General Behavior of Semisolids

The term semisolid infers a unique rheological character. Like solids, such systems retain their shape until acted upon by an outside force, whereupon, unlike solids, they are easily deformed. Thus, a finger drawn through a semisolid mass leaves a track that does not fill up when the action is complete. Rather, the deformation made is for all practical purposes permanent, an outcome physically characterized by saying semisolids deform plastically. Their overall rheological properties allow them to be spread over the skin to form films that cling tenaciously.

To be semisolid, a system must have a three-dimensional structure that is sufficient to impart solid-like character to the undistributed system that is easily broken down and realigned under an applied force. The semisolid systems used pharmaceutically include ointments and solidified water-in-oil (w/o) emulsion variants thereof, pastes, o/w creams with solidified internal phases, o/w creams with fluid internal phases, gels, and rigid foams. The natures of the underlying structures differ remarkably across all these systems, but all share the property that their structures are easily broken down, rearranged, and reformed. Only to the extent that one understands the structural sources of these systems does one understand them at all.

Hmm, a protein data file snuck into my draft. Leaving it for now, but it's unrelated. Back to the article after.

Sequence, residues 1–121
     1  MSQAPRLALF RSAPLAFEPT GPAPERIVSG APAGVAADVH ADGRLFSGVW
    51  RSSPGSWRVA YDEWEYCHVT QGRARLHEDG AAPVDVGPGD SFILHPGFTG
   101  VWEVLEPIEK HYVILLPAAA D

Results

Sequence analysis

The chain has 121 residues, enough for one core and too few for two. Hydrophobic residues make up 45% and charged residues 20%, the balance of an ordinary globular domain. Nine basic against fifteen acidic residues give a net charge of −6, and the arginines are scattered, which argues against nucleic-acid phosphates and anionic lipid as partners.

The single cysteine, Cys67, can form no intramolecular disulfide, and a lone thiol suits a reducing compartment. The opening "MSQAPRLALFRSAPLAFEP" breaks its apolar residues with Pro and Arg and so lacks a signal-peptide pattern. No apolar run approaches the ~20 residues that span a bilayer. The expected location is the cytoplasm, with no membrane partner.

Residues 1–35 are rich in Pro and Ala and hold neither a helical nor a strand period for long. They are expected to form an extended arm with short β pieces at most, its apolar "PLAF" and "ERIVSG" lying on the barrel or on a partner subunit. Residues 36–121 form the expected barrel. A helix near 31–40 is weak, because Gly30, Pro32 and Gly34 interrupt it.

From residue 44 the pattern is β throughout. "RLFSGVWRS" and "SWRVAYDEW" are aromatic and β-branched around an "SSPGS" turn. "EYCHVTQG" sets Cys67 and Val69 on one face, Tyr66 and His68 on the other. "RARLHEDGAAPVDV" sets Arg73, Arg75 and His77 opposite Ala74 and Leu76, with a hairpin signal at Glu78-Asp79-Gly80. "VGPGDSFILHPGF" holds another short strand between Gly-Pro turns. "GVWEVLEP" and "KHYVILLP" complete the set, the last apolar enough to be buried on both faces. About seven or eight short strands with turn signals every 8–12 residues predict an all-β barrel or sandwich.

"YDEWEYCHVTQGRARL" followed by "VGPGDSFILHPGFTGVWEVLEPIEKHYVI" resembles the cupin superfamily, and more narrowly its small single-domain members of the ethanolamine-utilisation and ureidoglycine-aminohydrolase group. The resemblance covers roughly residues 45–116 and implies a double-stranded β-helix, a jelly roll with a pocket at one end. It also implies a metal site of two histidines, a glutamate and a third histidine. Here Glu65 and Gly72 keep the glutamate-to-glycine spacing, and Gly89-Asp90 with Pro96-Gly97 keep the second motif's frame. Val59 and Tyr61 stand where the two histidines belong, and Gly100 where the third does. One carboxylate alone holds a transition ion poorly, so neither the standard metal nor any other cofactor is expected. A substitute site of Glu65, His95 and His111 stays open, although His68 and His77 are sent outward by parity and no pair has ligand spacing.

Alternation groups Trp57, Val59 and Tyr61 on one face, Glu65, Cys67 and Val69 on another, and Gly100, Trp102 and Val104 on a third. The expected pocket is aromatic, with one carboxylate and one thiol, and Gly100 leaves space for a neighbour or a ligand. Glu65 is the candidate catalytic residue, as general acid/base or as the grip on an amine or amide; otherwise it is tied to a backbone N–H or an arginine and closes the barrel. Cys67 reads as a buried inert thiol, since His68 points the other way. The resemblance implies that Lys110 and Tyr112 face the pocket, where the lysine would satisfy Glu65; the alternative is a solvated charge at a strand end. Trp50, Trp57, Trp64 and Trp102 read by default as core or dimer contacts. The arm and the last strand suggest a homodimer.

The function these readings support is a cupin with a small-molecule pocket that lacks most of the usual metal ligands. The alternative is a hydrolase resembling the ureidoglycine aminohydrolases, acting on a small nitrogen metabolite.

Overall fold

0 0

Post a comment